Home' Trinidad and Tobago Guardian : May 3rd 2015 Contents Despite some near-term chal-
lenges, confidence is growing
among T&T s industrial com-
panies. According to the Busi-
ness Confidence Report pub-
lished by the Central Bank of
T&T (CBTT), the country s "assembly and
related industries" are upbeat about the next
six to 12 months. Looking to take advantage of
the government s efforts to diversify the economy
away from hydrocarbons and broaden export
markets, these businesses are poised to expand.
The CBTT publishes a quarterly business
confidence indicator (BCI) that ranges from
+100 (maximum optimism) to -100 (maximum
pessimism). The BCI increased for the business
community as a whole during the fourth quarter
of 2014 to +42, up from +37 in the preceding
quarter, an outlook that the bank characterised
as "general optimism". Assembly and related
industries led the way with a BCI of +74, ahead
of construction at +56, hotels and guesthouses
at +39, and agriculture at +24.
"The general increase in optimism occurred
despite the initial fall in the price of oil and the
tensions in Europe and the Middle East, possibly
in anticipation of the Carnival season, to be fol-
lowed by general elections later in 2015," the
central bank said.
According to the T&T Manufacturers Asso-
ciation (TTMA), the country has one of the
largest manufacturing sectors in the Caribbean
region with an annual turnover of around
TT$7.9bn (US$1.3bn), or 8.5 per cent of GDP
in 2014. The industry has traditionally been
overshadowed by sectors such as oil and gas or
financial services, while shortages of skilled
labour, the relatively small size of the market
and high logistics costs have hampered growth.
However, with the oil and gas sector hard hit
by the fall in oil prices, there is renewed interest
from industrialists to capitalise on plans to diver-
sify the economy. Ramesh Ramdeen, CEO of
the TTMA, noted that the slump in oil prices
coincided with the emergence of the manufac-
turing sector from a downturn dating back to
the global economic crisis of 2008.
"Every curse has a silver lining," he told OBG.
"In the last crisis we found that the non-oil
sector of the economy had to carry us forward,
and we are better placed to diversify now. Man-
ufacturing represents 9 per cent of GDP and
we could go up to 12-15 per cent in the right
Looking beyond the Caribbean
Local industrialists can count on a number
of strengths, including low energy costs, and
although the domestic market is relatively small,
they are able to supply products to most of the
eastern Caribbean. The country is particularly
strong in food, beverages and tobacco, as well
as chemicals and non-metallic minerals. Com-
bined, these segments account for two-thirds
of the manufacturing sector s output. T&T also
has an advantage in metals as it is home to an
iron and steel mill operated by Arcelor Mittal,
which supplies steel to the Caribbean region
and Central America.
While there is a degree of uncertainty this
year with the prospect of a change in govern-
ment; general elections must be held by Sep-
tember at the latest. The business community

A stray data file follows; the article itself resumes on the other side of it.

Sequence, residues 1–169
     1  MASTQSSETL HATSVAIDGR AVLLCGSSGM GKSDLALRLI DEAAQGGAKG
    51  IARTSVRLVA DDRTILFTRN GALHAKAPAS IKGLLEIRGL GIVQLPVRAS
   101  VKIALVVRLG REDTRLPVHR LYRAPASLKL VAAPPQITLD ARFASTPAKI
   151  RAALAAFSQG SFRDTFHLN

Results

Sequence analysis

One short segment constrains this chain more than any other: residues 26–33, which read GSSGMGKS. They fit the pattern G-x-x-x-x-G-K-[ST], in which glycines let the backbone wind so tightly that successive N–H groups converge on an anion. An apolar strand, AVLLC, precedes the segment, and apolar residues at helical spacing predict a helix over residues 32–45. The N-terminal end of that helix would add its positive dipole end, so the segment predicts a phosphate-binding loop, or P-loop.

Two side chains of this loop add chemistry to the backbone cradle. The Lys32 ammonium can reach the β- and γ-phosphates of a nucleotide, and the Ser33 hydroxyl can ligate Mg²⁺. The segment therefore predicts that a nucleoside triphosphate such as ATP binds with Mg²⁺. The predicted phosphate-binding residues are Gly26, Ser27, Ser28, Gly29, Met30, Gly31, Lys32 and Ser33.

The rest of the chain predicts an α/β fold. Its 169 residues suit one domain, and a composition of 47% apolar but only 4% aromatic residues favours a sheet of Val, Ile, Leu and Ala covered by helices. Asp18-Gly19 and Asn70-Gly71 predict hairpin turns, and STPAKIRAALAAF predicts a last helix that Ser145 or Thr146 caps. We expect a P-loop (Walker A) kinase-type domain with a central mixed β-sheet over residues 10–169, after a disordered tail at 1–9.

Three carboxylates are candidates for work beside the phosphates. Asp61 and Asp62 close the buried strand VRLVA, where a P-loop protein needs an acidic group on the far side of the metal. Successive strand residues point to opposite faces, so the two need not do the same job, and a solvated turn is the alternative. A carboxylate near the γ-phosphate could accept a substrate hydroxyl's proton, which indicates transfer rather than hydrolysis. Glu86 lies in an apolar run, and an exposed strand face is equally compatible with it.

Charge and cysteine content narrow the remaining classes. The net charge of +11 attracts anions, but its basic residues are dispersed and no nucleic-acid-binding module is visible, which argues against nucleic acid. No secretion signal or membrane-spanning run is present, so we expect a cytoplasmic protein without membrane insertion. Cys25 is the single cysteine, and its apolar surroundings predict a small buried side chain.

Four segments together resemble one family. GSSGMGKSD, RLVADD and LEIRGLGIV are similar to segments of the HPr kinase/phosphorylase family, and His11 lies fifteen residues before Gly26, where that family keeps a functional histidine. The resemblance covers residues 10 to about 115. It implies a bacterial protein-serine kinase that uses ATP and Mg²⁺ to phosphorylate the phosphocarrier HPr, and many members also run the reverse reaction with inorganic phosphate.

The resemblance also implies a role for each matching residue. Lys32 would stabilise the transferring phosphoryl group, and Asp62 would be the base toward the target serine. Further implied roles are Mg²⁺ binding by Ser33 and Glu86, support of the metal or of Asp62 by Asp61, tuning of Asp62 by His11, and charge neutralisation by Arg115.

is aggressively pursuing opportunities.
One of its goals is to develop new export
markets. The TTMA is involved in an upcoming
trade mission to Panama, with companies look-
ing to other parts of Central America and beyond
for expansion. Local businesses have even found
opportunities in the troubled economy of nearby
Venezuela, responding quickly to supply scarce
items like toilet paper and tissues.
During his visit to T&T in February, Venezue-
lan President Nicolás Maduro discussed a pos-
sible barter agreement covering crude oil for
manufactured products with his host, Prime
Minister Kamla Persad-Bissessar. The country
already exports petrol, machine parts, air con-
ditioning and refrigerator spare parts, toiletries
and cement products to Venezuela.
Pilot plan to ease labour shortages
However, the sector still faces several chal-
lenges, including transport inefficiencies and
labour shortages. Industrialists say they are
facing a lack of skilled and unskilled workers,
in part due to generous government work pro-
grammes that have kept the local economy at
near full-employment levels.
Both the TTMA and the American Chamber
of Commerce of T&T (AmCham) have suggested
that as part of a pilot, some people on the gov-
ernment-funded Community-based Environ-
mental Protection & Enhancement Programme
(CEPEP) be reassigned and retrained to work
in the private sector.
Trade Minister Vasant Bharath recently said
the government is considering 600 jobs for the
pilot project. "What will happen is that these
employees will be taken directly out of CEPEP
and they will be given an opportunity to work
with these organisation with a training pro-
gramme in place, with certain minimum wages...
which would be significantly higher than what
they are currently earning," he said. Sectors to
be targeted in the programmes include man-
ufacturing, textiles and fast-food restaurants.
Improving transport efficiency is another
long-term project within the country as the
government invests in new highways and
increased port capacity to facilitate greater links
across the islands. It is also hoped that such
investments will further boost confidence among
industrial companies as the government looks
to expand non-oil sectors.
Marco Binenti, Oxford Business Group
editorial manager for T&T
SUNDAY BUSINESS GUARDIAN www.guardian.co.tt MAY 3 • 2015
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Industry upbeat despite fall in oil prices
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